At the family's request memorial contributions are to be made to those listed below. Please forward payment directly to the memorial of your choice.
Operation Combat Bike Saver
5016 West 133rd Avenue
Crown Point, IN 46307
A 501C3 dedicated to helping Veterans with PSTD, TBI, Depression.
Below is the contact information for a florist recommended by the funeral home.
Life Story / Obituary
With a quick wit and a pun for every occasion, Robert “Bob” Stephen Ailes lived a life rich in levity and service to others. A man of faith and honor, Bob lived each moment fully and embraced others instantly. As a devoted husband, father, grandfather, and social worker, Bob led with his heart which drove his desire to inspire laughter and hope in the hearts of others. Revered by many, Bob’s legacy will long live in the lives of those who knew him best.
The mobilization of war efforts in 1942 was quick and effective with car makers and other manufacturers changing to the production of weapons of war. Gas rationing, Scrap Days, and Victory Gardens became the norm, while The Declaration of the United Nations, the newly formed Women's Army Auxiliary Corps, and The Voice of America assured that every citizen had their eyes focused on a better future. Nowhere was there more hope for the future than in Kalamazoo, Michigan where Elroy & Irene (Heighton) Ailes celebrated the birth of their son Bob on April 23rd.
Growing up as an only child, Bob’s life was built on a firm foundation of love, faith, hard work, and family. While his father provided for the family through his work as a machinist at Fuller, his mother worked as a stay at home mom. As a young child, he was fondly dubbed “Bobber” by his grandmother, the nickname he proudly carried his entire life.
Bob attended Kalamazoo Schools and learned first hand while attending Kalamazoo Central, the immediate gratification of making people laugh. Whether with a silly pun, corny joke, playful prank, or a famous food fight, Bob soon found himself the catalyst to his peers' laughter and with a clear life calling. It was also during his early schooling that Bob fell in love with history especially the Civil War era.
Determined to build his future on a career in a service field, after graduating from High School in 1960, Bob began working towards his Bachelor’s degree in Social Work at WMU. As a proud American, Bob also served in the Army during the Vietnam War. While in basic training, Bob’s father died and Bob was called to request a hardship discharge to assist his mother. As a result, Bob stayed stateside throughout the remainder of his service. After completing Basic Training, he continued through advanced training and was a specialist, E5. While in the Army Bob worked as a social worker tending to his fellow soldiers’ needs and paving the way to a 30-year career with the Veterans Administration.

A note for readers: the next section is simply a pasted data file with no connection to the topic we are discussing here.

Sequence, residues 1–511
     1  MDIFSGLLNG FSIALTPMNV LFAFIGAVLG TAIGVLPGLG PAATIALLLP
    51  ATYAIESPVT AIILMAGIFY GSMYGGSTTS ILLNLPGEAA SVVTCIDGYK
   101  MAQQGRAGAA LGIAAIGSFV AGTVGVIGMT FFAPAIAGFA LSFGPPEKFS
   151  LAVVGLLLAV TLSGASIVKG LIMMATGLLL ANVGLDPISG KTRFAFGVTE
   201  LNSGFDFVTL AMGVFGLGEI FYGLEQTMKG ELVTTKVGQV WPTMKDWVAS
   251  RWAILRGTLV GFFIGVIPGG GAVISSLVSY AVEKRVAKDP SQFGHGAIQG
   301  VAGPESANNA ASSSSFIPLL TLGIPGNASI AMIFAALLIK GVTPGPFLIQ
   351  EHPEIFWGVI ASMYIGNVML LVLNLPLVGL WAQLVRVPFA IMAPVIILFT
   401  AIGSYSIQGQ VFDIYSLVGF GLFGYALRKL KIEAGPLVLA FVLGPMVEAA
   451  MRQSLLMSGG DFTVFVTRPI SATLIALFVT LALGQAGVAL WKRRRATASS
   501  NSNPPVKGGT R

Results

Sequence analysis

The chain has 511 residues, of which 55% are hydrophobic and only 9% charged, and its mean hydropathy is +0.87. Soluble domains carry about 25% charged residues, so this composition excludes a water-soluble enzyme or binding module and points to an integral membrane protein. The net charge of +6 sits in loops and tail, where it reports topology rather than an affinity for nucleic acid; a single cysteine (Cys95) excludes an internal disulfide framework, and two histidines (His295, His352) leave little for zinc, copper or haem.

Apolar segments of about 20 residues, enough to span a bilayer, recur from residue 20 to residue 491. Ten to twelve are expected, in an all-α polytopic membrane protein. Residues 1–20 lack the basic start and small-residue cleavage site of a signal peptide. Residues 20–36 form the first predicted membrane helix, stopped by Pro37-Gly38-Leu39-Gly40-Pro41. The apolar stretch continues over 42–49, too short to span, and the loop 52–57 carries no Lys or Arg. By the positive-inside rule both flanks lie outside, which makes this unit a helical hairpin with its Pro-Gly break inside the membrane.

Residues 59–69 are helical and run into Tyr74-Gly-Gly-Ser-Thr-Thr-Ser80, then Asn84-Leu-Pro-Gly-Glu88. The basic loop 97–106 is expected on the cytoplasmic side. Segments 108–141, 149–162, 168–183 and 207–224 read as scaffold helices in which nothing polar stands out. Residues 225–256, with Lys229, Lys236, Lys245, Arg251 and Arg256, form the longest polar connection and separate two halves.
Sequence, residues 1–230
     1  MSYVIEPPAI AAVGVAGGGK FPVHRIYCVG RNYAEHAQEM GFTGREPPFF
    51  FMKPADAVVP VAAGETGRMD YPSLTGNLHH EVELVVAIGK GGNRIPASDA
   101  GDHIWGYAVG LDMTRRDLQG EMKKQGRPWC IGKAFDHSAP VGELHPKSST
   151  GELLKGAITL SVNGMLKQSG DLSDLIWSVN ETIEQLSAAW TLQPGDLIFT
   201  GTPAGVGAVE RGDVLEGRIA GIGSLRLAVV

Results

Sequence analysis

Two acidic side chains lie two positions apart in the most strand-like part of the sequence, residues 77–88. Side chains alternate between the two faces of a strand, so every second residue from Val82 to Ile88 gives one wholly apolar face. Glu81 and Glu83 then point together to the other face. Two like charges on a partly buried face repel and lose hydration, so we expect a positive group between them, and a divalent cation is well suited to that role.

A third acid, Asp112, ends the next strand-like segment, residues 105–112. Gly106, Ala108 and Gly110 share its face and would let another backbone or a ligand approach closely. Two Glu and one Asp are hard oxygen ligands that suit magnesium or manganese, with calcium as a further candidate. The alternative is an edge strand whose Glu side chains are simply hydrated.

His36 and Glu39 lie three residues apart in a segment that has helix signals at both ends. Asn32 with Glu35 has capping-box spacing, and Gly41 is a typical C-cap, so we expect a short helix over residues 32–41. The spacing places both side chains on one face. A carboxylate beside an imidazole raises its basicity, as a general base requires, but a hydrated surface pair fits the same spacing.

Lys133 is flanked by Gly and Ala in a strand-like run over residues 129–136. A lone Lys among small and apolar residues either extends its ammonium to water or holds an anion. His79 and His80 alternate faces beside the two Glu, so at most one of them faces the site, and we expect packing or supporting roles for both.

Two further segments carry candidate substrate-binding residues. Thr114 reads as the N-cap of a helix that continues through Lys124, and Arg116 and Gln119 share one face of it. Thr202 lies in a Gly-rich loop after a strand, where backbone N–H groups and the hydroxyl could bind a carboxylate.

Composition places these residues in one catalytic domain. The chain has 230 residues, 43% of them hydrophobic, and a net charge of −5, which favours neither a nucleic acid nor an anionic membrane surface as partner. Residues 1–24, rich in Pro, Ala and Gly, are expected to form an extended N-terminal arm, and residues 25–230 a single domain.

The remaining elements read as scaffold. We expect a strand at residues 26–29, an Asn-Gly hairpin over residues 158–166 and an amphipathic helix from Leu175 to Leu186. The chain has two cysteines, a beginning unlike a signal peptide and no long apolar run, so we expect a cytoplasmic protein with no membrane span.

In time, Bob married his first wife, Andrea, and the couple was blessed with three sons: Kevin, Jeremy, Chad. The boys were Bob’s world and he lived to provide them with a wonderful life filled with love, laughter, and adventure. An undauntable source of faith, Bob supported his boys in all of their endeavors. Even when challenged with single parenting, Bob’s unwavering belief in their greatness remained a constant in their lives.
The boys grew up learning a love of the outdoors from their father. Whether camping, hiking, fishing, swimming, boating, exploring shipwrecks or tending to the dogs, Bob instilled respect and passion for nature in his sons. As in his own youth, the Allegan State Game Area became a center point for many of the family’s adventures, as did Van Buren State Park, the Straits of Mackinac, and the cottage they rented at Chief Lake every year. When not exploring the outdoors, Bob shared his love of cars by taking the boys to car shows and tending to the 1951 Ford he had inherited from his father when he turned sixteen and drove each of his boys home from the hospital in when they were born. Though Bob’s slapstick humor and enthusiasm for joking with complete strangers often caused the boys great embarrassment, they never doubted his love for and commitment to them.